“12 Years A Slave,” The Character Of Patsey, And Why I Wish Death To The Term “Negro Bed Wench”

October 25, 2013  |  

Mid-way through 12 Years A Slave, I started to ask myself, “Who exactly is this film about?” Was it about Solomon Northup (played by Chiwetel Ejiofor), later renamed Platt, the talented violinist and free black man, kidnapped and sold into slavery? Or was it really about Patsey (Lupita Nyong’o), the jet black enslaved cotton picker and bed warmer of the Epps plantation, who had never tasted freedom in her life and probably never did long after Northup stopped being a slave?

If you ask me, it’s Patsey.

[This post contains spoilers, so be advised]

Throughout the film (by way of Northup’s own memoir), we learn that Patsey is a favorite of Massa Edward Epps (Michael Fassbender) and a thorn in the side of Mary (Sarah Paulson), the mistress of the house. In one scene she is receiving special accolades from massa himself for once again, out-picking all the other field hands, including the men, by picking almost double the quantities of barrels of cotton. A few scenes later, we see Patsey dancing center in a circle of other enslaved black men and women, who all have been roused from slumber in the middle of the night to dance a jig, play music and entertain their owner. Massa Epps pays special attention to her, which causes Mistress Mary to fly into a jealous rage and bash a defenseless Patsey in the face with a cognac goblet, barely missing her right eye. Then the Massa and Mistress argue over her body – literally and figuratively speaking – as she lay howling on the floor in pain and agony.

The scene brought a slight chuckle from a small handful in the mostly black audience at the screening I attended here in Philly. Perhaps the chuckle, which seemed out of context, was out of discomfort at what was, thus far, a truly heavy-handed film. However, the light-heartedness, which some were taking from what they were seeing, became even more ill-fitting when in the next scene, as Massa Epps chases Northup around the plantation for daring to hold Patsey’s secret from him, someone in the row behind me, chuckled and then opined loud enough for others around her to hear, “Patsey musta put it on Massa…”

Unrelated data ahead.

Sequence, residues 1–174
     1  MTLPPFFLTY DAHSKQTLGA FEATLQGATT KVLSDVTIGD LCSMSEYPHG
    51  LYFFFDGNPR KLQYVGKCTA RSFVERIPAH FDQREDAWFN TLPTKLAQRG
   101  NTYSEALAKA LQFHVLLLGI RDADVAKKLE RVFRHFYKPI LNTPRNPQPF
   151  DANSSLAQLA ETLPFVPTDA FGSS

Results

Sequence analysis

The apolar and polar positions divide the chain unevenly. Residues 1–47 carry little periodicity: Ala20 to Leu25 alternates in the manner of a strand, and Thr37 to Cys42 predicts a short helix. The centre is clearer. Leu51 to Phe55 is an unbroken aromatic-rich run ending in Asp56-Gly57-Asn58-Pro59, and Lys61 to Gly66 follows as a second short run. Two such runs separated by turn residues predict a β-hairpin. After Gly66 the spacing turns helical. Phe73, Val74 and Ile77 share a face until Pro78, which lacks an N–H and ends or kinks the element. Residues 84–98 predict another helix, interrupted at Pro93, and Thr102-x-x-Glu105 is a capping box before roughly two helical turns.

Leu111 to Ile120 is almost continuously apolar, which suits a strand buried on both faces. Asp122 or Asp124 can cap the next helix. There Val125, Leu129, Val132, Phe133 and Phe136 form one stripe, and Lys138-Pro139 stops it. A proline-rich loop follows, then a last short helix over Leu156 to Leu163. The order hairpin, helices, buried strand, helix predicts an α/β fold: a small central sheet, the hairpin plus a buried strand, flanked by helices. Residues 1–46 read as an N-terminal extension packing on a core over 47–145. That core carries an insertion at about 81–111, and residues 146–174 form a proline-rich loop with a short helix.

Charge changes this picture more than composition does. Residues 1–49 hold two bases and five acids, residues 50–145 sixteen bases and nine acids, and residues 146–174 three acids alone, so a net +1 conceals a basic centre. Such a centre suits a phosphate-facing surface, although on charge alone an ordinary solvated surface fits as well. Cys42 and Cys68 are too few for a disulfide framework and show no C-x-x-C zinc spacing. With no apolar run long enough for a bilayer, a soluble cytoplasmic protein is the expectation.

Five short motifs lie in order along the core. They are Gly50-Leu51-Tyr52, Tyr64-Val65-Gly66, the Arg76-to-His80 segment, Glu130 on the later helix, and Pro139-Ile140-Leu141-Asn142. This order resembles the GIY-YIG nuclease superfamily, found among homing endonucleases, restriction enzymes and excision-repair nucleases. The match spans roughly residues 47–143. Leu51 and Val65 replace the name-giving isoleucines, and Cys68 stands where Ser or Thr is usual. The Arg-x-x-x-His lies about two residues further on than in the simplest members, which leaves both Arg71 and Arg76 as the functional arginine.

Even though what we were watching on screen is probably a very accurate depiction of what many of our people experienced through the Trans Atlantic Slave Trade, you can sort of understand the cavalier nature in the way some of the descendants relate. First one, some of us feel as if we are so far removed from the atrocities of being treated like actual property that the images on the screen are just as foreign as if this was a film about life on another planet. And secondly, and probably most importantly, we really haven’t done a good job as a country, nor a community, in telling the truth – and the entire truth – about the founding of this great nation of ours. And it might be with intent as it seems that most folks want to forget about slavery all together. Even Morgan Freeman said recently in an interview with The Daily Beast, about why he’s not going to see 12 Years,“I don’t want my anger quotient exacerbated, you know? Things are bad enough as they are. I don’t want to keep punching myself in the face with it.” And this is coming from a guy who played a man whose sole character’s motivation was to drive around and be a hired companion to some ole’ racist lady named Miss Daisy.